Prompted by numerous unethical strategies employed by universities to increase their ranking, we present here our abuse-proof ranking: the A3 Ranking. Why A3? An Academic ranking made by Academics, and for Academics (well, and for anybody else sharing academic values).Top 500 and Under 50 rankings
First, unlike most other rankings, we name what we are ranking: this ranking is a measure of the research impact of the universities. This is because research is recognized as the most important output for the visibility of the world-class university; and because it is easily measurable.
By looking at the strengths and weaknesses of other rankings, we decided to collect the following data:
Publications: in addition to count the number of publications from 2014 to 2016, we weight them by the average contribution per paper of a given university. The papers for each year are weighted by the Field-Weighted Citation Impact (FWCI) of the university for each given year. As this parameter can be manipulated (voluntarily or not), it is limited to 2.5 maximum; and it cannot be higher than the percentage of top 10% articles (per source normalized impact factor, or SNIP) divided by 15. The total number for each year is then multiplied by the square root of the percentage of 10% articles per SNIP divided by 15.1
This system discourages numerous publications at the expense of quality, as the score will be at best stable with numerous low-quality papers. It limits the impact of citations by considering as well the quality of the journal itself.
Books: We are the first ranking, as far as we know, to significantly consider books in addition to publications. Books are an essential part of dissemination for some of the research areas, for example in social sciences. However, they are barely recognized as simply counted as “one publication” at best. The attributed weight for books is here roughly equivalent to 10 or 20 “traditional” papers per book, depending on how much a university is publishing books compared to traditional papers.2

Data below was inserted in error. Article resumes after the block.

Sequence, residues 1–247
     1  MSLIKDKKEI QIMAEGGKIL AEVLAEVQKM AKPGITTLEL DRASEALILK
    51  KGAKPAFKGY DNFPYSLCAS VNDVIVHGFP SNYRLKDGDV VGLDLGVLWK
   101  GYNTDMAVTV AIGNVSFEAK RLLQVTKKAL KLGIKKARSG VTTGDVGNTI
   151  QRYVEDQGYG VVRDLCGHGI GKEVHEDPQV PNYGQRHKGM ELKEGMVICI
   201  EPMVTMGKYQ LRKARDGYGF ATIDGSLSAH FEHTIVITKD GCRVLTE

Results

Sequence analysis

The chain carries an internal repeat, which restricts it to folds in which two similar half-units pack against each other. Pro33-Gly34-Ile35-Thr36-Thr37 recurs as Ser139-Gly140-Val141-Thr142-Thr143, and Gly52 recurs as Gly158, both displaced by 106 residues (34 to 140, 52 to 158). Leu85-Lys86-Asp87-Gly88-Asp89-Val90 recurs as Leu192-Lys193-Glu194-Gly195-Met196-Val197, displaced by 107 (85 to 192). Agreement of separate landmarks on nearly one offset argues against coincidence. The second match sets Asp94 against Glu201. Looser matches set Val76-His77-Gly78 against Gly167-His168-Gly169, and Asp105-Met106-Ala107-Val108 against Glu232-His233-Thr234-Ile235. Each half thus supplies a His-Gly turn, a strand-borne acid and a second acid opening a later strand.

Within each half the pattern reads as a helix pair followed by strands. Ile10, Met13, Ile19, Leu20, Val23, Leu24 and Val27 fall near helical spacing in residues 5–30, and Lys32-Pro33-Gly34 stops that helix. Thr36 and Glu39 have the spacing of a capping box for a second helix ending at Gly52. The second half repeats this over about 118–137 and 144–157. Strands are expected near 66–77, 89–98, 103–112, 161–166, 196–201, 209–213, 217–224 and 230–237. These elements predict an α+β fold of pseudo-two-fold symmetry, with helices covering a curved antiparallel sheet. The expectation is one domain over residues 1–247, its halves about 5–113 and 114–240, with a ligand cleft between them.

Awards: inspired by the ARWU ranking, we decided to grade in a similar manner awards: Nobel prizes of Physics, Chemistry and Physiology or Medicine; Fields Medal; and, with a weight of 0.4: “Nobel prize” for Economics, Kluge prize and Holberg prize. The weight of 0.4 is necessary to balance the absence of a universal prize for social sciences and to distribute it on these 3 prizes.
The institution affiliated to an award winner (or his/her last affiliation if retired) got a weight of 1; and 0.5 for the place (s)he got his/her PhD (if any). The official weight for sharing the Nobel prizes is used; in the case of several universities affiliations, the weight is shared equally; in the case of both universities and private companies’ affiliation, the private companies are discarded and the weight redistributed to universities. Apart from Nobel, the other prizes are awarded individually.
The last 60 years are considered and the weight is reduced linearly with time (the year of the award is considered for both the award itself and the PhD affiliation).
It is very difficult to manipulate this parameter: impossible to know in advance that a PhD student will receive a top award; very difficult to hire in advance a potential awardee to increase a ranking. Only top quality research and work environment will attract such top researchers.
Score per capita: again, following the ARWU ranking strategy, we included a Score per capita. Two main reasons: at equal research impact, a university with a higher density of high quality staff should be encouraged; also, it limits the impact of expanding universities just to increase the visibility, but without caring about the quality. When no source was available for the number of staff, a (low) score of 8/100 was awarded. Note that the score per capita gives a reliable indication of the quality of the work in a given university; the 100 best scores can be considered the top 100 universities in term of quality of research. Below this, there may be universities not ranked today in the original top 500 but with a high score per capita.